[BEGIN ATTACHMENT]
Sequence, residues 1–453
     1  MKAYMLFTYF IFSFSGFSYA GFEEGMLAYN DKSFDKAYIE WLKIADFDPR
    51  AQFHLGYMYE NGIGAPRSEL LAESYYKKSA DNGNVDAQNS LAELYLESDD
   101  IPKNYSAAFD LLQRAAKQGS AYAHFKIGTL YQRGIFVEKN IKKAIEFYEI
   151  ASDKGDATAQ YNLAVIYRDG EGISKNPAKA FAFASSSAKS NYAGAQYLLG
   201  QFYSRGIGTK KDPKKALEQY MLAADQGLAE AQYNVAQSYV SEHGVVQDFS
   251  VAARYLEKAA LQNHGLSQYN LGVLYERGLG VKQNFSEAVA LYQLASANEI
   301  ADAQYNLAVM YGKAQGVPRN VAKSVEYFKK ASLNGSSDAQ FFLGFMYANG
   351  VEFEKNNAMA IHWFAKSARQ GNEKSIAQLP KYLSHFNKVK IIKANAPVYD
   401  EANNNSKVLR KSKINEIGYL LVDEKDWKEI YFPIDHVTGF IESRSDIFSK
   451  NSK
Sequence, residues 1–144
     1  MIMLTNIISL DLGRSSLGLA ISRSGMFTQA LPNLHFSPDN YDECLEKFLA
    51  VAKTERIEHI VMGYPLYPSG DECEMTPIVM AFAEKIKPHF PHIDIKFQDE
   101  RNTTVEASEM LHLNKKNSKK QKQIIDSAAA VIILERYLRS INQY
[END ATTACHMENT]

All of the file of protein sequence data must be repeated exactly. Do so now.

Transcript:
Sequence, residues 1–453
     1  MKAYMLFTYF IFSFSGFSYA GFEEGMLAYN DKSFDKAYIE WLKIADFDPR
    51  AQFHLGYMYE NGIGAPRSEL LAESYYKKSA DNGNVDAQNS LAELYLESDD
   101  IPKNYSAAFD LLQRAAKQGS AYAHFKIGTL YQRGIFVEKN IKKAIEFYEI
   151  ASDKGDATAQ YNLAVIYRDG EGISKNPAKA FAFASSSAKS NYAGAQYLLG
   201  QFYSRGIGTK KDPKKALEQY MLAADQGLAE AQYNVAQSYV SEHGVVQDFS
   251  VAARYLEKAA LQNHGLSQYN LGVLYERGLG VKQNFSEAVA LYQLASANEI
   301  ADAQYNLAVM YGKAQGVPRN VAKSVEYFKK ASLNGSSDAQ FFLGFMYANG
   351  VEFEKNNAMA IHWFAKSARQ GNEKSIAQLP KYLSHFNKVK IIKANAPVYD
   401  EANNNSKVLR KSKINEIGYL LVDEKDWKEI YFPIDHVTGF IESRSDIFSK
   451  NSK
Sequence, residues 1–144
     1  MIMLTNIISL DLGRSSLGLA ISRSGMFTQA LPNLHFSPDN YDECLEKFLA
    51  VAKTERIEHI VMGYPLYPSG DECEMTPIVM AFAEKIKPHF PHIDIKFQDE
   101  RNTTVEASEM LHLNKKNSKK QKQIIDSAAA VIILERYLRS INQY